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March 16, 2011 1:50 pm

Bob Pulford `Legends Night’ feature

The Kings’ third “Legends Night” will take place Saturday night, with former player and coach Bob Pulford honored in a pregame ceremony. Pulford won four Stanley Cups with Toronto, then ended his Hall of Fame playing career by playing two seasons (1970-72) with the Kings. After retiring, Pulford immediately took over as coach of the Kings and guided them to the playoffs in four of his five seasons. Pulford’s 1974-75 team totaled 105 points, a single-season franchise record that still stands today. My feature this week takes a look at Pulford’s career Also, Pulford had a anecdote about the famously colorful former Kings owner, Jack Kent Cooke, that I wasn’t able to fit in the story, but one that I thought I would share here. Thanks for reading…

Before Lombardi, Bob Pulford was the original Kings architect

PULFORD: “I admired Cooke a great deal. His command of the English language, his intelligence, I admired him a great deal, about everything but hockey. He was Canadian-bred, and he thought that gave him the intelligence into hockey. He thought he knew hockey because he was Canadian. But we would spend time together and talk about a lot of things. As long as we didn’t talk about hockey, I enjoyed it. He treated me well, though. I disagreed with a lot of things he did, and I told him. He knew that, and that’s probably the reason I left Los Angeles at the end of the contract.

“I had played hockey with a Hall of Famer, Davey Keon. I went to Toronto and they gave me permission to talk to him. Davey said that he was willing to come to Los Angeles and play for us. He was a great player, and if he had come to that team, we would have become legitimate Stanley Cup contenders. I was really excited about this, and I went in to see Mr. Cooke. He said, `I’m sorry Bob, but we’re going in another direction. We’re going to get Marcel Dionne.’ I was really disappointed. I liked Dionne a great deal, so this was nothing against Marcel Dionne. I said, `It’s your team, Mr. Cooke, but I would appreciate it if you wouldn’t trade four players,’ and I gave him the names of those four players. He said, `Bob, I will not trade those four players for Dionne.’ I said, `OK, it’s your team, go ahead.’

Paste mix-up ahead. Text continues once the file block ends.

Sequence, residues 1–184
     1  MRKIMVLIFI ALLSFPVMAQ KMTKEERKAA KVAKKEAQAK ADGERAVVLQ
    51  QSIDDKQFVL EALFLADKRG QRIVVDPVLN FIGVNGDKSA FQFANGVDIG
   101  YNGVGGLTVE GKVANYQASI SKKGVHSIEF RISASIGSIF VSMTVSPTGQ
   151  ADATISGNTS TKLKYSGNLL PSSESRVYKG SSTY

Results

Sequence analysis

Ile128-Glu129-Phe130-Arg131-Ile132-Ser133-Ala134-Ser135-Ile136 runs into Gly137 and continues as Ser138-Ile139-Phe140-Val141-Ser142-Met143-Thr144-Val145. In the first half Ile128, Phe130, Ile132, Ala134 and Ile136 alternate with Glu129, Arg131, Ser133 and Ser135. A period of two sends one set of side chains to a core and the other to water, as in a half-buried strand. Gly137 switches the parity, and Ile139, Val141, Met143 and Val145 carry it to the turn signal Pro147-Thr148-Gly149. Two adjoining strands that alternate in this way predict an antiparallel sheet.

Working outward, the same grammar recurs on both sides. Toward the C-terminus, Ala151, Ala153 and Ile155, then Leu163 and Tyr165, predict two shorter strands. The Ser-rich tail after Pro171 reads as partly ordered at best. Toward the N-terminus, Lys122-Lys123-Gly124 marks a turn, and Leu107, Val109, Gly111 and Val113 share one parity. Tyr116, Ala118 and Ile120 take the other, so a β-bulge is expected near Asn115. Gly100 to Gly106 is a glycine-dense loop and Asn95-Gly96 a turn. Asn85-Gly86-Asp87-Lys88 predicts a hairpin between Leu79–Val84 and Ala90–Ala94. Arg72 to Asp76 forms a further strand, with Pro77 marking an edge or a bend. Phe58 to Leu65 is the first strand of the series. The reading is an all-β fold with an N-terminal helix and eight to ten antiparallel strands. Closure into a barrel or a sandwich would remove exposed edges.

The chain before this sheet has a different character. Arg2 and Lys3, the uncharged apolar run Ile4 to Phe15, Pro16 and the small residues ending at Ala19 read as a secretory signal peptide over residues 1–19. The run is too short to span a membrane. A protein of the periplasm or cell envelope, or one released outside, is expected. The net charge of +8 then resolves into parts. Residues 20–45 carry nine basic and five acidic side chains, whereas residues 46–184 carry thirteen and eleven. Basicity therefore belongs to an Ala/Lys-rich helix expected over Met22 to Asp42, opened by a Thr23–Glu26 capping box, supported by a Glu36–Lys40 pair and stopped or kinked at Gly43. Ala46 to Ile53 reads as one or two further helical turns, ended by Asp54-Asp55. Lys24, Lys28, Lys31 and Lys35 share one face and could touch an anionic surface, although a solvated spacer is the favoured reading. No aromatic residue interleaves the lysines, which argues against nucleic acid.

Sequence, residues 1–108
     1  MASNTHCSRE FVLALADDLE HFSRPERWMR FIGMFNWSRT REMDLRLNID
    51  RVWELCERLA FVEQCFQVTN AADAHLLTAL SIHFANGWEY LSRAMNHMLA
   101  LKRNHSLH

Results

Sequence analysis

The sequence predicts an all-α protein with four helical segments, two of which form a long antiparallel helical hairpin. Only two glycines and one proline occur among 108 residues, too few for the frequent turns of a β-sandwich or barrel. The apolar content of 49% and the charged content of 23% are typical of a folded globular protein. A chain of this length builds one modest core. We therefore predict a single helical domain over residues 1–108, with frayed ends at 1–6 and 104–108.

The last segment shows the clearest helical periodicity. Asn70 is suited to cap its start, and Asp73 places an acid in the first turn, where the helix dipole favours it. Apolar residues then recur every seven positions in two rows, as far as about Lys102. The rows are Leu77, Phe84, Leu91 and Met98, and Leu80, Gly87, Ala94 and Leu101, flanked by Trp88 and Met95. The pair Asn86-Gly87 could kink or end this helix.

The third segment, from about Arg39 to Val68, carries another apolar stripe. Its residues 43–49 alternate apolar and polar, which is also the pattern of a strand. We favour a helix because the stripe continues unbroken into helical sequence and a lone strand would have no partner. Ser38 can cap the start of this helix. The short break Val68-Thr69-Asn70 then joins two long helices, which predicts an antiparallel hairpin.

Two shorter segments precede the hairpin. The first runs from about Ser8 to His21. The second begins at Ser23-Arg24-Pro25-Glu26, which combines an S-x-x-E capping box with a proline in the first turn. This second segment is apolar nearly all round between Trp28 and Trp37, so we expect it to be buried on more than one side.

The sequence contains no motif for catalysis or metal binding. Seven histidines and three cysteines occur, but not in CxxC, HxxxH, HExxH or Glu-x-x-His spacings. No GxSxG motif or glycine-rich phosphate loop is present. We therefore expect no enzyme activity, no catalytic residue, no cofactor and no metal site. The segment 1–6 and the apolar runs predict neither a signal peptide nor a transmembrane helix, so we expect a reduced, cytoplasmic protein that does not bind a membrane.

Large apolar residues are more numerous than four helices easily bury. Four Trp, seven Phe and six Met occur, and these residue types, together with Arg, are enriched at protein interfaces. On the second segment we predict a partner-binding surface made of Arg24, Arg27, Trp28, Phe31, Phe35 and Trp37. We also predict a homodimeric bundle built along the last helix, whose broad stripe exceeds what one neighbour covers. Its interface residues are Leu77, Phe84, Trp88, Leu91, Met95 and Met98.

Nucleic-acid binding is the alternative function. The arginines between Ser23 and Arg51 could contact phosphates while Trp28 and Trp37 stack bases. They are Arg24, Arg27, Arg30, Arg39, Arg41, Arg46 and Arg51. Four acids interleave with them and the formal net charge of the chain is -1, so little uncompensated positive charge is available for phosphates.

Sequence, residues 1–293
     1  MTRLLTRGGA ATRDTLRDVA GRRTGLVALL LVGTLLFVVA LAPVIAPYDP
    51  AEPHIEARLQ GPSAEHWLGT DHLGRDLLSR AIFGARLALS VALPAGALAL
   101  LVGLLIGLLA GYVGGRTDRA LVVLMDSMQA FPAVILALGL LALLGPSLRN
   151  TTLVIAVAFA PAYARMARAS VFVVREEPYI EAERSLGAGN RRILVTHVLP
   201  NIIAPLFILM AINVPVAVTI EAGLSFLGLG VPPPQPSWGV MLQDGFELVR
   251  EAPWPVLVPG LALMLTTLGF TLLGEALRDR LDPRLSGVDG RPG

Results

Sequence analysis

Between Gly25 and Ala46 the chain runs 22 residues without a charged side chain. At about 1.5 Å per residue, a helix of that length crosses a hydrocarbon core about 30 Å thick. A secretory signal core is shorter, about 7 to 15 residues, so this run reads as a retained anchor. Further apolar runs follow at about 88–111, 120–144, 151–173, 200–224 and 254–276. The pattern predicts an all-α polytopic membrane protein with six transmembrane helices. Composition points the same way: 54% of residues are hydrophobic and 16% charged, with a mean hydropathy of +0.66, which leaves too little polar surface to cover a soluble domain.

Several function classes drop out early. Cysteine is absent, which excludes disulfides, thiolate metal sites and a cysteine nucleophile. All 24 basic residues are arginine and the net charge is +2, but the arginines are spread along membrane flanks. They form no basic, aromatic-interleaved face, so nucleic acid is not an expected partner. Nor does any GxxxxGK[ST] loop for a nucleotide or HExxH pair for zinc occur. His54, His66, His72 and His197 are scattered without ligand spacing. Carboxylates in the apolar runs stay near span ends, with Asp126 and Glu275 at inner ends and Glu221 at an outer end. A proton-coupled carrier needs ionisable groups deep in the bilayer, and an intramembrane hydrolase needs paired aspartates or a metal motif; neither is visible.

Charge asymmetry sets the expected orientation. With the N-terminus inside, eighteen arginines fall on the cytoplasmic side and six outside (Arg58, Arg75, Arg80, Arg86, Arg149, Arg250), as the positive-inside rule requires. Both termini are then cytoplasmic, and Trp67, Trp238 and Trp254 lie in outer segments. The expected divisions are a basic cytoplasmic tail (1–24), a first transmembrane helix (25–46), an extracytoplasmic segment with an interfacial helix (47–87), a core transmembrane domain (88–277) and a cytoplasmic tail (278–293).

“So then I’m driving home, up the San Diego freeway, and right at Sunset I hit the breaks, tore off the freeway and went back down to the Forum. I went right into his office, stormed into his office, and said, `Mr. Cooke, don’t play with words with me. I told you that you cannot trade any one of those four players for Dionne.’ And he said, `You never said that, and I never agreed to it.’ He traded one of the four players. I said, `That’s it, I’m resigning.’ He said, `That’s fine, but you have years left on your contract and you’ll sit in the office until your contract is finished.’ So I went home that night. That night, four or five players came to the house. They sat down and said, `We sweated blood and tears for you. You owe us something.’ They were right. After sitting down and thinking about it, they were right. I went back and we did very well (the following season).”

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